12 March 2010
Long-term use of hormone replacement therapy (HRT) is associated with an increased risk of cataract development, researchers warn.
In a prospective cohort study (a study that tracks a group of people forward in time) of more than 30,000 Swedish women aged 40 to 83 years, past users of HRT had a 14 per cent increased risk of cataract surgery (Ophthalmology 2010; 117: 424-30).
Current users had an 18 per cent increased risk of cataract, and the risk increased with longer duration of HRT.
Higher alcohol intake seemed to potentiate the harmful effect of HRT, with those who consumed on average more than one alcoholic drink per day and were current HRT users having a 42 per cent greater risk of cataract extraction (surgical removal of the cataract) than non-drinkers who were not using HRT.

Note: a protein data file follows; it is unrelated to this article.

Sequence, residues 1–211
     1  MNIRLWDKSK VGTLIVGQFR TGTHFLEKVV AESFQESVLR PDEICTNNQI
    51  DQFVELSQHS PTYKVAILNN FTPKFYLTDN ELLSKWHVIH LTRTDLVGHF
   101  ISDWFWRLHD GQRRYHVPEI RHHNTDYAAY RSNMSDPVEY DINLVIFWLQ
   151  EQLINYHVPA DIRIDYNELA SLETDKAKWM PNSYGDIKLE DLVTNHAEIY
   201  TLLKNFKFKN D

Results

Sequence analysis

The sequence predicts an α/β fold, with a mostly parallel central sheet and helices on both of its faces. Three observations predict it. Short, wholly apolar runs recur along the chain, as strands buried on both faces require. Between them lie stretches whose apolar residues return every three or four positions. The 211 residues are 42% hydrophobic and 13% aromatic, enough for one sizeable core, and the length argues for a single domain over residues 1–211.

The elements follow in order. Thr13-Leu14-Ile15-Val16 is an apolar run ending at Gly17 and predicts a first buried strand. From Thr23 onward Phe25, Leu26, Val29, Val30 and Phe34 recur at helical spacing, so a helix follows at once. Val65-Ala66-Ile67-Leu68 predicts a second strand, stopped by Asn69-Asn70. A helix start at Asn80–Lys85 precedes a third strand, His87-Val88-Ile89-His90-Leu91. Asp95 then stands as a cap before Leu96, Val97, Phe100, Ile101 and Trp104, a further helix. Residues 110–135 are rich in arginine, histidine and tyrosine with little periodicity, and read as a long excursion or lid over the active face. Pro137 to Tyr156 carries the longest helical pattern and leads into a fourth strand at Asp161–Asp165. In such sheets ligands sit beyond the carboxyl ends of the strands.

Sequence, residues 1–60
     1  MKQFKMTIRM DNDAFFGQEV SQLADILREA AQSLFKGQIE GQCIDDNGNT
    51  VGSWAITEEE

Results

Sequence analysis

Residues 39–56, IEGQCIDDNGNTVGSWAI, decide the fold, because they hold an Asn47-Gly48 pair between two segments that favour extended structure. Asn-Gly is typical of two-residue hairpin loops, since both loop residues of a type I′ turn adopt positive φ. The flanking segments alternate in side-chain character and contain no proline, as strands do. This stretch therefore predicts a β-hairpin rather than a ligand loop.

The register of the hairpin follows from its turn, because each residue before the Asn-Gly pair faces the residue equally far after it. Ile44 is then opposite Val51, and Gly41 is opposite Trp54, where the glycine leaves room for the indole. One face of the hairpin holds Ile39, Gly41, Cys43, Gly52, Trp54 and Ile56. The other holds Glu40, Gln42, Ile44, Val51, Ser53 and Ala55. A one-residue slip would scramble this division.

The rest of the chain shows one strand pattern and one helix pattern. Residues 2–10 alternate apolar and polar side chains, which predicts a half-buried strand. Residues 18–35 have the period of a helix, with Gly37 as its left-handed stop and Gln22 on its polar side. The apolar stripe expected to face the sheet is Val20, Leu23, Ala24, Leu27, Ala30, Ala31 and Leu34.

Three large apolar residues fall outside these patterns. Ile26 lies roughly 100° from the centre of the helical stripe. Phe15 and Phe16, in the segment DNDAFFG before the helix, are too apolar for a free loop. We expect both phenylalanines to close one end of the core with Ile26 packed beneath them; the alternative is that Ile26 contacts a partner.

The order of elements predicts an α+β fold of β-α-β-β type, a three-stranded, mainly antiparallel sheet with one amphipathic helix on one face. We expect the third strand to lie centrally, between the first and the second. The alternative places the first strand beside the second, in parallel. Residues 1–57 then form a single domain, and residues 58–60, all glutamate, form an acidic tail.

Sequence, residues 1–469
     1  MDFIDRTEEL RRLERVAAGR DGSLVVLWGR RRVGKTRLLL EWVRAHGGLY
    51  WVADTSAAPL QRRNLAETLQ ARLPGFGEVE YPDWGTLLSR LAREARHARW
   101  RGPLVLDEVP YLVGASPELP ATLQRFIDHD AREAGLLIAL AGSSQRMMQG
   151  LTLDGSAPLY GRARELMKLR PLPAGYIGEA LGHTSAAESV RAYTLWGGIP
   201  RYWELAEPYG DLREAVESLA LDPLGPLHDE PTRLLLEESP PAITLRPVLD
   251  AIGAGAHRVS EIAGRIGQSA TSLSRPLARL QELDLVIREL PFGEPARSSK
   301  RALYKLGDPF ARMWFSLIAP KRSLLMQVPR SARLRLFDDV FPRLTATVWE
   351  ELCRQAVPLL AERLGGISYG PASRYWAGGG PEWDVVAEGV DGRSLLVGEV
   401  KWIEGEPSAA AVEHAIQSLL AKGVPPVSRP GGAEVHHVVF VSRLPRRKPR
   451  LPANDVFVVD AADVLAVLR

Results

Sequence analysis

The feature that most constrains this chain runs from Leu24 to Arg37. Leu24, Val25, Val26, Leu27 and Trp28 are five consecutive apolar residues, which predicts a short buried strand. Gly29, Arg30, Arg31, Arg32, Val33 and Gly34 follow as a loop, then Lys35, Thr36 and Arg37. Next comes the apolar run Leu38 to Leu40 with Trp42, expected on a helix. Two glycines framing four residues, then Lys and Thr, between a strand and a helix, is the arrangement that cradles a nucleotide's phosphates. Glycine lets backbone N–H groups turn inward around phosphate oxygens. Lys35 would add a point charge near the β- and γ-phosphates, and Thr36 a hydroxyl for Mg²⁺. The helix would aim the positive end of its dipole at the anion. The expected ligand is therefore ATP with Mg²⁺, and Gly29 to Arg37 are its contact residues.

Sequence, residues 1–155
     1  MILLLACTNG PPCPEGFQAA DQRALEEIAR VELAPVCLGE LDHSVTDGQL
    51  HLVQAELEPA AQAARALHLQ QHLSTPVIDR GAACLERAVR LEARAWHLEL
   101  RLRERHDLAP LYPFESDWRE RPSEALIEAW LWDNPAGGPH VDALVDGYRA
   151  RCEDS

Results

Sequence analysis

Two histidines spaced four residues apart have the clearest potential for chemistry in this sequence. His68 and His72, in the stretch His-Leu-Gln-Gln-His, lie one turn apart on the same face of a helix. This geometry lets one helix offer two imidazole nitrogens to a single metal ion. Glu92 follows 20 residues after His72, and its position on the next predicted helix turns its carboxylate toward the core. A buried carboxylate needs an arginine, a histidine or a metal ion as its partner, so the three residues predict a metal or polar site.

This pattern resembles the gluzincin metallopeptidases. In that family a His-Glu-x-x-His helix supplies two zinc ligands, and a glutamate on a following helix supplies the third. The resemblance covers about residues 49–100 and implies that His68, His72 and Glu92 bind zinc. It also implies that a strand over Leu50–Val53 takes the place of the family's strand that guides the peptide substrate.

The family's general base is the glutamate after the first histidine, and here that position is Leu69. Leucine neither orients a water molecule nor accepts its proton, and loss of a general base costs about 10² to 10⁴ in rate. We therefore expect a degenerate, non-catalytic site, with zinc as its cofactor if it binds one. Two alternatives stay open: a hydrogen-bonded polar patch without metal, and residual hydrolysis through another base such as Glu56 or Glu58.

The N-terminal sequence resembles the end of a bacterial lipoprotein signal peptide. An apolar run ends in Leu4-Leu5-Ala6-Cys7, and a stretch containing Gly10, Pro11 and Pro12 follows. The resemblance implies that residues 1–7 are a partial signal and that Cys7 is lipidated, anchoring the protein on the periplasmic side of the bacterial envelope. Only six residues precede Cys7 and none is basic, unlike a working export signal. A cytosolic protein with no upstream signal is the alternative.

The researchers said their findings matched the association seen in other observational studies, including the Australian Blue Mountains Eye Study.
Other studies, notably from the US, have not shown such an association, but this might reflect the different types of HRT used in the population, they said.
A higher prevalence of cataract has been observed in women who have been through menopause compared to men of the same age, suggesting a relationship between oestrogen and cataract development, they said.
Last Reviewed: 12 March 2010